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The category of sheaves of sets on a topological space is a topos that need not satisfy the law of excluded middle or the axiom of choice.
Doing mathematics in the topos of sheaves of sets on a topological space amounts to doing mathematics in continuous families over this topological space. Likewise, doing mathematics in the topos of G-sets amounts to doing mathematics G-equivariantly.
Many geometers do not care about logic, but they do care about doing mathematics in families or G-equivariantly. Thus, such a hypothetical geometer would still care about constructive mathematics.
Furthermore, the failure of the law of excluded middle and the axiom of choice admits really simple geometric explanations: the union of an open set and the interior of its complement need not be equal to the entire space; not every surjective etale map has a continuous section.
Suppose now that this hypothetical geometer encounters predicative mathematics. Is there an easy geometric way to convince him that he should care about predicative mathematics?
For instance, is there a geometric construction that naturally produces a ΠW-pretopos that is not a topos?
Is there an easy geometric way to see how the existence of powerobjects can fail in this construction?
If geometric examples for ΠW-pretoposes are unavailable, I would also be interested in geometric examples for pretoposes together with a simple geometric explanation for the nonexistence of (local) internal homs.
Every tried working with the category of smooth manifolds? Not even a $\Pi W$-pretopos.
Re #2: But the category of sheaves of sets on smooth manifolds is a topos.
Yes, I agree with Dmitri: there’s a big gap between impredicative toposes, on the one hand, and categories with much weaker internal logics, on the other. In a topos you can do “all of mathematics, as long as it’s constructive”. In a category that’s not even LCC, you have to be very careful about what you can and can’t say. Predicative constructive mathematics is, like impredicative constructive mathematics, a context in which you can claim to do “all of mathematics”, but categories whose internal logic is this and no more are thin on the ground.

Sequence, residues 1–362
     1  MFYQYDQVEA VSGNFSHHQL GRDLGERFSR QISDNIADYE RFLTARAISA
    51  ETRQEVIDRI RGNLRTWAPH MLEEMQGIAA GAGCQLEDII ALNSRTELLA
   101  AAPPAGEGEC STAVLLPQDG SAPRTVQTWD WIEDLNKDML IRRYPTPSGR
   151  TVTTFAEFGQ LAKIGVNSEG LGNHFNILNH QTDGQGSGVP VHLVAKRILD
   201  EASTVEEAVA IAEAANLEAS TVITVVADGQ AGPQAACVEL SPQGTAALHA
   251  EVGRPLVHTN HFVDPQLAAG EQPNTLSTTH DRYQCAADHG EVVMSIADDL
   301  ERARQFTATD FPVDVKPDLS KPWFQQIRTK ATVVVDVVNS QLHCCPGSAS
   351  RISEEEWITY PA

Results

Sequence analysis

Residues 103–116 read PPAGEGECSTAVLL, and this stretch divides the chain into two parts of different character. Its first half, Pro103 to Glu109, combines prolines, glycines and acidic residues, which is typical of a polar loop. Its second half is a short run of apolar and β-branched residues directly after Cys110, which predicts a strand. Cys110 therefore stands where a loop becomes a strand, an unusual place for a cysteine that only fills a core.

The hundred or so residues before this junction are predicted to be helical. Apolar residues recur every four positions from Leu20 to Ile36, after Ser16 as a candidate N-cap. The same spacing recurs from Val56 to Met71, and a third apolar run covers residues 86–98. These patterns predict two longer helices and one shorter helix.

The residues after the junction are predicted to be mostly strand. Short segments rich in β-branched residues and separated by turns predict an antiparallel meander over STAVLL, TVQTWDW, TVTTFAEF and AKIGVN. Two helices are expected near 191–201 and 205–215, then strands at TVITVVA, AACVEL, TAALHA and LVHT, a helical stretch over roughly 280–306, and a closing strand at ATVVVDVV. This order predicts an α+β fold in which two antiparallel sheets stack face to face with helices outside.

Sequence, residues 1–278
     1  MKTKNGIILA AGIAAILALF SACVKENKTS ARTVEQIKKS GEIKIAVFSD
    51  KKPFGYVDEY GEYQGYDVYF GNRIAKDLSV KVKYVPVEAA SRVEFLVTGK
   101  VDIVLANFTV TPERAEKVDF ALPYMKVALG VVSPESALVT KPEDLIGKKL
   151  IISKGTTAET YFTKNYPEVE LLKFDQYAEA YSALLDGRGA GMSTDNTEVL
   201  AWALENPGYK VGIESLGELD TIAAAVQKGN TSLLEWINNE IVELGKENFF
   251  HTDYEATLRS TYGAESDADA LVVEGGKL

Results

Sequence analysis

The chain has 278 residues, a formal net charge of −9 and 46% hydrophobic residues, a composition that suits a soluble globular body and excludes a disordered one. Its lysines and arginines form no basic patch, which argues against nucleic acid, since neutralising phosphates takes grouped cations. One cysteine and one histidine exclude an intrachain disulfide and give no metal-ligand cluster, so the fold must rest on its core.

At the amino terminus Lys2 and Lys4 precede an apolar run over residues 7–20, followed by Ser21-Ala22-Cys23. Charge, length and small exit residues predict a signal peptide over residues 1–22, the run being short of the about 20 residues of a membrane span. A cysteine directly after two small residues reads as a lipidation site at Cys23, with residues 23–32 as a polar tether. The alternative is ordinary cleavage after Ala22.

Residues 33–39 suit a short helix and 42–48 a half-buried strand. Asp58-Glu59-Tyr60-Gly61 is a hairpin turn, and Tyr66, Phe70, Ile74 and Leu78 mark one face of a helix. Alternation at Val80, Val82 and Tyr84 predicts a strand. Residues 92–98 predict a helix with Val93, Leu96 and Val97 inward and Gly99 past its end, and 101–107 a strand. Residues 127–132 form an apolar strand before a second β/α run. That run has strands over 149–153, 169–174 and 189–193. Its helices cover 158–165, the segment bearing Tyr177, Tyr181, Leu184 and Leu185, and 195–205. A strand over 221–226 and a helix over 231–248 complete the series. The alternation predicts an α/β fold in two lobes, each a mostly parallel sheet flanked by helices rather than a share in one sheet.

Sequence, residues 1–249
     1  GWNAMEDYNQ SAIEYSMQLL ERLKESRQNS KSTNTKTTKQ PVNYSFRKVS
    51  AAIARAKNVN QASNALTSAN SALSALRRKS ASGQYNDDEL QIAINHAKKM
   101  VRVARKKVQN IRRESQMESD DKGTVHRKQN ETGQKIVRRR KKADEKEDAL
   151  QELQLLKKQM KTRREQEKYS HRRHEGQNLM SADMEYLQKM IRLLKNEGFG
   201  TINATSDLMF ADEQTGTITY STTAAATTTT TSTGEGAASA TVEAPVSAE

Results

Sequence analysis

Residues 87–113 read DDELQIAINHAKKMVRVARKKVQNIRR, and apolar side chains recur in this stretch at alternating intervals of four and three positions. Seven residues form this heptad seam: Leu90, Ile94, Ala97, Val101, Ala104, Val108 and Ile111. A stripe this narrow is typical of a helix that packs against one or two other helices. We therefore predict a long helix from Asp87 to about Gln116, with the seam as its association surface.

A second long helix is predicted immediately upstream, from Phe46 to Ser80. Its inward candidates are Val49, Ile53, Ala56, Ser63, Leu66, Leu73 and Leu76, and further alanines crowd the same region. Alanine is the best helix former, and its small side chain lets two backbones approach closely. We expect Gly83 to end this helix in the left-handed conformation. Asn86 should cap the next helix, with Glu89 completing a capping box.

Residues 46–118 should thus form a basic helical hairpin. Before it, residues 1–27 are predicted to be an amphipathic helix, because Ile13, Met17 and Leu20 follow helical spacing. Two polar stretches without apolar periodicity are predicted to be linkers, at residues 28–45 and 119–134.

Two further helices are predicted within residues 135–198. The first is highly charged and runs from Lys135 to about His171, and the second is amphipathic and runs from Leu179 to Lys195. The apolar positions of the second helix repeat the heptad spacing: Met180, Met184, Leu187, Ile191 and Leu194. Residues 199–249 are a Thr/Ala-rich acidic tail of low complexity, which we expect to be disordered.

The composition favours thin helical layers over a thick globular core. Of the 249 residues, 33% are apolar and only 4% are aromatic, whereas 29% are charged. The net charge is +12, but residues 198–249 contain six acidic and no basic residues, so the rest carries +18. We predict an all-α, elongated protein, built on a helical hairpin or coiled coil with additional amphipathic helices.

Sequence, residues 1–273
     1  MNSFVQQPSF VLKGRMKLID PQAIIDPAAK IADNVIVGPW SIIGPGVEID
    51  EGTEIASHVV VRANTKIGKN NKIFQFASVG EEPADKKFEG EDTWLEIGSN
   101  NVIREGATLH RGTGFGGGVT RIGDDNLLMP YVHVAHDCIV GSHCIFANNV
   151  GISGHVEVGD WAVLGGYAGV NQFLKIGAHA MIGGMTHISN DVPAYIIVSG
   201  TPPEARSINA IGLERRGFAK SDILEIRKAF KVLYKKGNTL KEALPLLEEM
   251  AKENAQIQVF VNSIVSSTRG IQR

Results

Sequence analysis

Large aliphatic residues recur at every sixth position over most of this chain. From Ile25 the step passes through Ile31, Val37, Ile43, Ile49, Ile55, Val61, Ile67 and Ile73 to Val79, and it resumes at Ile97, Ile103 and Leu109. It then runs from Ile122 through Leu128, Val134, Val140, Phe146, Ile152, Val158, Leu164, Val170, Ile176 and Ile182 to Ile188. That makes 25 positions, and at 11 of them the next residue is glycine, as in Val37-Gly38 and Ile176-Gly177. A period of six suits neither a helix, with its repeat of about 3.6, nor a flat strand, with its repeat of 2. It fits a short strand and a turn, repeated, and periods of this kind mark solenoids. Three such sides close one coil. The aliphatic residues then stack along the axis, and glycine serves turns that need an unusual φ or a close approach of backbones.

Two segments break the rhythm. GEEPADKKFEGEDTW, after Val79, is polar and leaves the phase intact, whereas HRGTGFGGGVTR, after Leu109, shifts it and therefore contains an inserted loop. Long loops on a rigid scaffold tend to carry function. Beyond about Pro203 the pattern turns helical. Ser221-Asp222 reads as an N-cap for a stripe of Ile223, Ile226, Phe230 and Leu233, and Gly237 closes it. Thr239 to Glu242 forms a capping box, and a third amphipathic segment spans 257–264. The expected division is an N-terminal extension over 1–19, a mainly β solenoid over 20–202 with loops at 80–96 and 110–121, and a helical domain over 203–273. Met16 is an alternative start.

Perhaps the most general categorical construction I know of for producing $\Pi W$-pretoposes that are not toposes is exact completion. The ex/lex completion of a topos is not always a topos, but it is always a $\Pi W$-pretopos. However, I don’t really know of any geometric motivation for such things.
Ok, here’s a less snide example: class-set theory like MK or NBG. You don’t have many internal homs and no power-objects. And a model of algebraic set theory in general can be even worse, with no EM or AC.
David, Dmitri is asking the following question:
Consider the perspective on toposes as categories of generalized geometric spaces, as a topic in geometry. From that perspective what, if any, is the relevance of $\Pi W$-pretoposes?
Re being careful what you can say in Mike's #4:
Roughly speaking, constructive mathematics uses the same language as classical mathematics but proves fewer theorems in that language, while predicative mathematics uses a less expressive language to begin with. For example, in constructive mathematics, you cannot prove that a power set is a Boolean algebra; but in predicative mathematics, you cannot even talk about power sets in the first place!
I don't see how to make this precise. In constructive mathematics, you cannot talk about the Boolean algebra $\mathcal{P}\mathbb{N}$, although you can talk about the Heyting algebra $\mathcal{P}\mathbb{N}$ (and then fail to prove that it's Boolean). Conversely, although you can't talk about $\mathcal{P}\mathbb{N}$ directly in predicative mathematics, you could still talk about a hypothetical set $P$ (and binary relation $\epsilon$ from $\mathbb{N}$ to $P$) such that each subset of $\mathbb{N}$ is the preimage (under $\epsilon$) of a unique element of $P$ (and then fail to prove that any such $P$ exists). You could even prove that any such $P$ is a Heyting algebra (and a Boolean algebra if your logic is classical). But intuitively, it seems that $\mathcal{P}\mathbb{N}$ in constructive mathematics is something that is simply lacking some of its classical properties, while this $P$ in predicative mathematics is a phantom.
Re David #2 and Dmitri #3:
David's answer may have been snide, but it has value, and Dmitri's response is inadequate. For any example of a geometrically interesting non-topos category $C$, one could reply that the category of sheaves on $C$ is a topos. But if you're doing mathematics within $C$, then you're not doing it in $Sh(C)$, and you're not doing general constructive mathematics (since $C$ is not a topos). David and I have both had cause to try to do mathematics within the category $C^\infty$ of smooth manifolds, and this was necessarily both predicative and constructive. (Indeed, since $C^\infty$ is not even a pretopos, we had even more restrictions than that.) But of course we were doing geometry.